Martinez, an admitted “gleeful contrarian,” presents fascinating characters with enormous egos, from Zuck (Mark Zuckerberg), Sheryl (Sandberg), and Gokul (Gokul Rajaram); from start-ups to abrupt shutdowns; along with the organizations that shaped his life: University of California-Berkeley, Goldman Sachs, AdCharm, AdGrok, Facebook, Twitter, and, at last, Ayala, a cutter at anchor at Orcas Island in Puget Sound, prior to her escape into the Pacific Ocean. And people as well — since he is also a human being — including several female partners and two young children.

So exactly what is this “Valley?”

“It’s a society,” the author explains, “in which all men and women live in their own self-contained bubble, unattached to traditional anchors like family or religion, and largely unperturbed by outside social forces like income inequality or the Syrian Civil War.

‘Take it light, man’ elevated to life philosophy. Ultimately, the Valley attitude is an empowered anomie turbo-charged by selfishness, respecting some nominal ‘feel-good’ principals of progress or collective technological striving, but in truth pursuing a continual self-development refracted through the capitalist prism: hippies with a capitalization table and a vesting schedule.”

Wow!

His characters display both greed and credibility: they “ … spend their lives in a blizzard of meetings interspersed with email breaks.”

And what are the “chaos monkeys” of his title? They are the “software tools to test a product or a website’s resilience against random serve failures.” Beware the system!

Yet Martinez sees this mélange as being composed of human beings after all, noting, “The tech start-up scene for all its pretensions of transparency, principled innovation, and a counter-culture renouncement of pressed shirts and staid social convention, is actually a surprisingly reactionary crowd.” It is one “wired on caffeine, fear, and greed at all times.” And Facebook, Twitter, and Google have become “all-consuming new” religions. Technology is the Soma of our time.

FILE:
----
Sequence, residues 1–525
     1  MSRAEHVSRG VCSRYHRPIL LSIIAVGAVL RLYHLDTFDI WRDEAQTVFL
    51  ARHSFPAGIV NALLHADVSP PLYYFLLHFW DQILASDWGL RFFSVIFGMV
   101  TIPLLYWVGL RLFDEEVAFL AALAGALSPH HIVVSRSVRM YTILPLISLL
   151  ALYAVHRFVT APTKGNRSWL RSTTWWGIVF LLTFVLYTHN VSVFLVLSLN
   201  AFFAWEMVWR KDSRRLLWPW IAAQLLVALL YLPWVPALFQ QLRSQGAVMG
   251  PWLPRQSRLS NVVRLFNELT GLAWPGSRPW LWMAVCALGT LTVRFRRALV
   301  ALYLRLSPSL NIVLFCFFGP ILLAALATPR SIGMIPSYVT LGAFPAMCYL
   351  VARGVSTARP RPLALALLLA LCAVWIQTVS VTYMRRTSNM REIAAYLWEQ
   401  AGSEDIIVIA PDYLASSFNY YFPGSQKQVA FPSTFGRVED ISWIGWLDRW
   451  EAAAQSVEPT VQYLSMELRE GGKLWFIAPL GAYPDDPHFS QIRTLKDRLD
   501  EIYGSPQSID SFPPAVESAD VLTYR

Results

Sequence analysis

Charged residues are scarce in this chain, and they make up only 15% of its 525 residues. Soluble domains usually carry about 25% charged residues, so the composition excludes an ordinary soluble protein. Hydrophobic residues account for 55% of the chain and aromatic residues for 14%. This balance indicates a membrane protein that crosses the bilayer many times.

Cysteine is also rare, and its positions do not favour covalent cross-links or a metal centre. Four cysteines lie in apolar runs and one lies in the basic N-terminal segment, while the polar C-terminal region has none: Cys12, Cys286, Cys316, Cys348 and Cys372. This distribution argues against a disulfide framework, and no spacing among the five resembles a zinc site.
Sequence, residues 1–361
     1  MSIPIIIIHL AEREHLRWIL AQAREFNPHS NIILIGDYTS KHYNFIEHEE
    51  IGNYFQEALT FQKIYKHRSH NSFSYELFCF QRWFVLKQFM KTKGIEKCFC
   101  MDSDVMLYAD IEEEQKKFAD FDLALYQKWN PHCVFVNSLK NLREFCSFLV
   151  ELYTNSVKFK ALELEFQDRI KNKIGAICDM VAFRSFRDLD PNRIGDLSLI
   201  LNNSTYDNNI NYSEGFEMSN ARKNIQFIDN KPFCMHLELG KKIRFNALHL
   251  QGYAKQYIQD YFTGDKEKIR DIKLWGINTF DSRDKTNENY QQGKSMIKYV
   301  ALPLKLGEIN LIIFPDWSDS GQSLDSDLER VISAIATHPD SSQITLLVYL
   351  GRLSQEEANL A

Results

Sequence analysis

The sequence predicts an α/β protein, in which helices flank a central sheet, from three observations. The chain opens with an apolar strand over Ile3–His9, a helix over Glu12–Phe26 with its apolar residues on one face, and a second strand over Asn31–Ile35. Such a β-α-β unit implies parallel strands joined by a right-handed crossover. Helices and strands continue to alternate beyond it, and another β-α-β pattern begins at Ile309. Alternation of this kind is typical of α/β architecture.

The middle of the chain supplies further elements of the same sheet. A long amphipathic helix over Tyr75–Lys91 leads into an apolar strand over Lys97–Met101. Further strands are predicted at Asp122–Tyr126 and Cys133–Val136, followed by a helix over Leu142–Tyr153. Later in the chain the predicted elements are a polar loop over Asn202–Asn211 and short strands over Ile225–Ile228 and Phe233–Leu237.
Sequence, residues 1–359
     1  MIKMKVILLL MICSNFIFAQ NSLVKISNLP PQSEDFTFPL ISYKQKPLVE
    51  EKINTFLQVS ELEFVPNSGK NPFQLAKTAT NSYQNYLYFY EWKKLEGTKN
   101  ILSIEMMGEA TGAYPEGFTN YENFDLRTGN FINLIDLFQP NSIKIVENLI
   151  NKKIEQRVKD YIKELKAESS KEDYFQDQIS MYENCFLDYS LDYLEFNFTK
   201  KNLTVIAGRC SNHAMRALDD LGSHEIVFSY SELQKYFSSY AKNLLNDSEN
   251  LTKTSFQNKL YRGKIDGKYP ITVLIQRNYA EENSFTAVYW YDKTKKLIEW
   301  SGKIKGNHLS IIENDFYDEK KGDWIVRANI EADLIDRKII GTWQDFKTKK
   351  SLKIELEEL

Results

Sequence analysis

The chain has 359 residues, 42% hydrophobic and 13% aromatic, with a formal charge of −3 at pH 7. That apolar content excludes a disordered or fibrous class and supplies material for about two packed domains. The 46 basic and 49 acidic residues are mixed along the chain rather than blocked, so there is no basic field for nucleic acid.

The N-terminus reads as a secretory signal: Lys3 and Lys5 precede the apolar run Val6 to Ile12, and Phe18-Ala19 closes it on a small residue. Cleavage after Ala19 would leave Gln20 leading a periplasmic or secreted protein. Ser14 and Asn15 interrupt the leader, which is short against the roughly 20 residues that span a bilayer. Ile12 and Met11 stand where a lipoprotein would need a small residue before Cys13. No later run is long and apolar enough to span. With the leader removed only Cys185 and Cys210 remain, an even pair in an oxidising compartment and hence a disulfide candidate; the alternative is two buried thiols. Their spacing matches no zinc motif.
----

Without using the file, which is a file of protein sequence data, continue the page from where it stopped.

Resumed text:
Despite this cynicism, Martinez cannot help but admire Mark Zuckerberg: “I submit he was an old-school genius, the fiery force of nature possessed by a tutelary spirit of seemingly supernatural provenance that fuels and guides him, intoxicates his circle, and compels his retinue to be great as well …  The keeper of a messianic vision that, though mercurial and stinting on specifics, presents an overwhelming and all-consuming picture of a new and different world … the church of a new religion.”

The author suggests we consider similar leaders in history: Jefferson, Napoleon, Alexander, Joseph Smith, Jim Jones, and L. Ron Hubbard. The leaders and followers in the Valley are simply part of that natural human urge to believe and to be part of something bigger than oneself.

But the Martinez story doesn’t fade into a glowing future. Following Robert Frost’s admonition, the author in early 2016 concludes “a man occasionally reaches a fork in life’s road.”

His last sentence predicts a completely different future: “Thus do I bow off this stumbled-upon stage, hopefully forever, and disappear into the heaving swells of the Pacific Ocean, the only such sanctuary from social mediation we’ll soon have left.”

Sail on, skipper! I give you joy of your decision.

Editor’s Note: ‘Chaos Monkeys: Obscene Fortune and Random Failure in Silicon Valley’ by Antonio Garcia Martinez, is published by HarperCollins, New York 2016.

Felix Kloman

About the Author: Felix Kloman is a sailor, rower, husband, father, grandfather, retired management consultant and, above all, a curious reader and writer. He’s explored how we as human beings and organizations respond to ever-present uncertainty in two books, ‘Mumpsimus Revisited’ (2005) and ‘The Fantods of Risk’ (2008). A 20-year resident of Lyme, he now writes book reviews, mostly of non-fiction that explores our minds, our behavior, our politics and our history. But he does throw in a novel here and there. For more than 50 years, he’s put together the 17 syllables that comprise haiku, the traditional Japanese poetry, and now serves as the self-appointed “poet laureate” of Ashlawn Farms Coffee, where he may be seen on Friday mornings. His wife, Ann, is also a writer, but of mystery novels, all of which begin in a bubbling village in midcoast Maine, strangely reminiscent of the town she and her husband visit every summer.

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Reading Uncertainly? ‘Notes From Old Lyme: Life on the Marsh and Other Essays’ by Sydney M. Williams

Another neighbor turns to words, to look at where and how we live.

Sydney Williams, formerly of Smith’s Neck in Old Lyme and now of Essex, gives us an engaging and thoughtful autobiography and personal peregrination, in fits and starts (brief essays), leading us from Madison, CT and Peterborough, NH, to Massachusetts, New Hampshire again, the U.S. Army, Greenwich, CT, New York City and on to Old Lyme, with side excursions to California, Colorado and Austria.